Sgraffito in Change

Sgraffito decorations are severely threatened in their original form by environmental damage, overpainting, thermal insulation, and wide ignorance. Often only a small part of the original has survived. European cooperation is therefore necessary to deal with the problems of the practical restoration as well as with the lack of appreciation.

The Hornemann Institute promotes a European network for the research of Sgraffito with regard to its materials, techniques, themes, and conservation strategies. The common exchange serves the quality assurance of the restorations of Sgraffito decorations:

  • Decision-makers should be made aware of the cultural-historical significance of Sgraffito decorations as well as the problems of their preservation.
  • The project is intended to advance current research questions on the history of the development of Sgraffito decorations in Europe, including their beginnings in Italy and Spain as well as their further technical development (single-layer, double-layer, mixed techniques, and similar).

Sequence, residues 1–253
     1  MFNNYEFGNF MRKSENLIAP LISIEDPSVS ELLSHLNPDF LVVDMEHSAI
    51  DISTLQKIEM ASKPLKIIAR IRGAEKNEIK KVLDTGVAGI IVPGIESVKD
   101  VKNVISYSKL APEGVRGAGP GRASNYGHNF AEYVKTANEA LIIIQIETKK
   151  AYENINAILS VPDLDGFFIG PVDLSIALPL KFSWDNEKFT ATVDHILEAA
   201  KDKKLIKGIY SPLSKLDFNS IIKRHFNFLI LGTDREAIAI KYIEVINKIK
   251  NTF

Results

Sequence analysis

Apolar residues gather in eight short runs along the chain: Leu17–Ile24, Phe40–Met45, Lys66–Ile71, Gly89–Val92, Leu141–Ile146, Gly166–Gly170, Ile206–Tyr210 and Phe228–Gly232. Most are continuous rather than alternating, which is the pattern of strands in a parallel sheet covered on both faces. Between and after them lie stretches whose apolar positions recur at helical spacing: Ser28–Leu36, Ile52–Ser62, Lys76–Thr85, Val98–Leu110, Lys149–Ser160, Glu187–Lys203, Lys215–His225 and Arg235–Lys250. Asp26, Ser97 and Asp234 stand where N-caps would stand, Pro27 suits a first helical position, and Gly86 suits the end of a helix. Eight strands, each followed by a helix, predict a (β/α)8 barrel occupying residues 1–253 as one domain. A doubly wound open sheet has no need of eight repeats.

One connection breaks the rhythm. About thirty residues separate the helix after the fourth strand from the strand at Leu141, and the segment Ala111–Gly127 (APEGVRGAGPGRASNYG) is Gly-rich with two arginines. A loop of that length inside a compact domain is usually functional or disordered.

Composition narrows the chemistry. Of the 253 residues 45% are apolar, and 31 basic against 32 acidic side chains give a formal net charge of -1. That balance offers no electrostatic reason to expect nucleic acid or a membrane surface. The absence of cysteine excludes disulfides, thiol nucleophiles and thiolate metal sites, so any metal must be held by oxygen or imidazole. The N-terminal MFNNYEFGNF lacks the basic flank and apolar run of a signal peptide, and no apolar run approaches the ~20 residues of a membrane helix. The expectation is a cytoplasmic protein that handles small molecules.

• Scholars with acknowledged expertise from the leading European countries in this area should come together to elaborate concrete solutions for endangered Sgraffito decorations by means of representative case studies.
  • The inventory of sgraffiti should be promoted.

The project title “Sgraffito in Change” has an ambiguous meaning: In one respect, it is about analyzing the material, technical and thematic changes from the Middle Ages to the late twentieth century. Another aspect concerns the changes to the preserved Sgraffito decorations that nearly every example of Sgraffito has experienced due to conservation measures over time.

So far there have been two conferences, a third one is planned for 2021 in Segovia:

1) International Conference, 2. - 4. November 2017, HAWK in Hildesheim (DE)

2) International Conference, 21. - 22. November 2019, Schloss Litomyšl (CZ)

Schloss Litomyšl, UNESCO-Weltkulturerbe, 1568-1861 (Foto: Agnete 2014)

Schloss Litomyšl, UNESCO-Weltkulturerbe, 1568-1861 (Foto: Agnete 2014)

In Sgraffito-Technik der Stadtplan von Hildesheim vor der Zerstörung 1945, Foto: Hornemann Institut